A MCL Sprain or medial collateral ligament sprain is a tear of one of the four major ligaments that stabilise the knee joint.
Where is your MCL located? What is the function of the MCL in day to day and in sport? What are the causes and types of MCL tears? And what are some things that you and a health professional can do to rehabilitate your MCL and get you back to the activities you love doing? In this article we discuss all things MCL and how to keep a well-functioning knee after an MCL Injury.
Check this out! Our Physiotherapist Ryan Dorahy demonstrates how to strap an MCL injury:
There are two parts of the MCL, superficial and deep layers. These two components have different bony attachments:
The superficial MCL originates at the medial epicondyle (the inside bump of your femur). One of the attachments blends into the semimembranosus (part of the hamstring) tendon, while the other connects with the posteromedial tibia (the back and inside of your tibia).
The Deep MCL has another two layers to it; The meniscofemoral and the meniscotibial components. The meniscofemoral component originates in the medial epicondyle just below where the above superficial layer connects to and inserts into your medial meniscus. The meniscotibial component originates at the medial meniscus and inserts into your medial tibial plateau.
The MCL provides the knee joint with a range of functions. Firstly it helps passively guide the knee through its normal range of motion in everyday activities. It prevents the shin bone (tibia) from moving forward and prevents hyperextension of the knee joint. However, the major function of the MCL is to resist valgus forces (resist your knee from being moved inward).
MCL Sprains can occur from one of the following mechanisms (or a combination):
If you are concerned that you have suffered an MCL Sprain seeking professional help to have the knee properly assessed is recommended.
As we do with all muscle and ligament injuries; MCL sprains are categorised into grade 1, 2 and 3:
An MCL sprain is a critical injury as it plays a major role in stabilising the knee joint. As such it requires special attention from a professional. A health professional such as a physiotherapist or osteopath can help assist you in effective healing of the ligament especially with higher grade sprains (II and III).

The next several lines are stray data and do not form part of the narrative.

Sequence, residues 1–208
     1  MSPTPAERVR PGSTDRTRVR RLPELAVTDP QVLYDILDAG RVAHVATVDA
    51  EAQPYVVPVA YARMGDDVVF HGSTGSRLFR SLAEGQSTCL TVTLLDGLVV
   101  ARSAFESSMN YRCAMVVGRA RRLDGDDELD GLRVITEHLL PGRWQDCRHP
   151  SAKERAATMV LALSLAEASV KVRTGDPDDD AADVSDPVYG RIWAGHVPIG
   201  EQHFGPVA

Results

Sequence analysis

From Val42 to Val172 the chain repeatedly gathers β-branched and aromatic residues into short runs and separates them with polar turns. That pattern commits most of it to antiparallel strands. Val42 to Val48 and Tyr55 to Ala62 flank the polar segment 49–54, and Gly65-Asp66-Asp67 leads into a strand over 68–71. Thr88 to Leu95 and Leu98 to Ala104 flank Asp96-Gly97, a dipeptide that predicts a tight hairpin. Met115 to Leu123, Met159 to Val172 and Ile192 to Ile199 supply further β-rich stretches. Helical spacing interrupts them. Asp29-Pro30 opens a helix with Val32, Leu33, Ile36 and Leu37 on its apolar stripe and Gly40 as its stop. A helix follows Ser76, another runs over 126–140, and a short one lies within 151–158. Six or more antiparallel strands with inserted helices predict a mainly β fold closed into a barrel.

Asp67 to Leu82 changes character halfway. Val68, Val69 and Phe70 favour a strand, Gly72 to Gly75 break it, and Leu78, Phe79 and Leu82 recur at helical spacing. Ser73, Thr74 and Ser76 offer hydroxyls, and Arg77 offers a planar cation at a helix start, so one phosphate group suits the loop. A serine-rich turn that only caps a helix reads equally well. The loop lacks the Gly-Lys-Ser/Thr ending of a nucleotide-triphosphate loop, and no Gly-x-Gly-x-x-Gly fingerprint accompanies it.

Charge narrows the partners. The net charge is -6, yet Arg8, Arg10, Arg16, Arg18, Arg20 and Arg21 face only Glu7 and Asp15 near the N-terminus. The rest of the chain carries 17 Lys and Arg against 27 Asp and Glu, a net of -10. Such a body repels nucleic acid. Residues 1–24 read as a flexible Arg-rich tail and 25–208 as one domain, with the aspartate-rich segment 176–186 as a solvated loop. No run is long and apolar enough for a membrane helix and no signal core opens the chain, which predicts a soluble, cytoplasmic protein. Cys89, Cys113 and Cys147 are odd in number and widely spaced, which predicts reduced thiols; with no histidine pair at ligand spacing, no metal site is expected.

Icing the affected area: We suggest 20minutes on 30minutes off three times a day of an evening for a period of 48-72hours after the initial injury. Icing will help reduce your pain levels and also it slows down the rate of swelling helping to promote healing. After this period try placing a heat pack on the region to promote new blood flow and nutrients to the region.
A course of anti-inflammatories may help to reduce some of the pain and inflammation associated a with the sprain. Consult with your general practitioner before taking to ensure this is the right course of action for yourself.
MCL taping as demonstrated in the video below is beneficial for unloading the MCL, reducing irritation when moving the knee and creating more stability around the knee joint. It is a good front line treatment. However, grade two and three sprains will require knee range of motion bracing by a health professional.
Your Physiotherapist or osteopath will determine the extent of your MCL injury. This can be done clinically in the practice. If the health professional suspects that there may be some additional damage such as ACL rupture or meniscal damage, you may be sent for further imaging like a MRI. Time frames for rehabilitation vary depending on the severity of the sprain and if there were any other knee structures damaged. The rehabilitation usually follows this format:
An MCL sprain can take anywhere from 4-12 weeks depending on:
For grades 1 and two MCL sprains, the majority of the isolated MCL injuries can be very well treated by non-operative treatment, regardless of severity. Grade three injuries are typically where you will have surgical intervention. This is generally due to the propensity to have other structures damaged in combination with the MCL. The most commonly damaged structure along with a grade three MCL sprain is the ACL ligament. Isolated MCL grade three sprains are extremely rare.
By Sydney CBD Physiotherapist Ryan Dorahy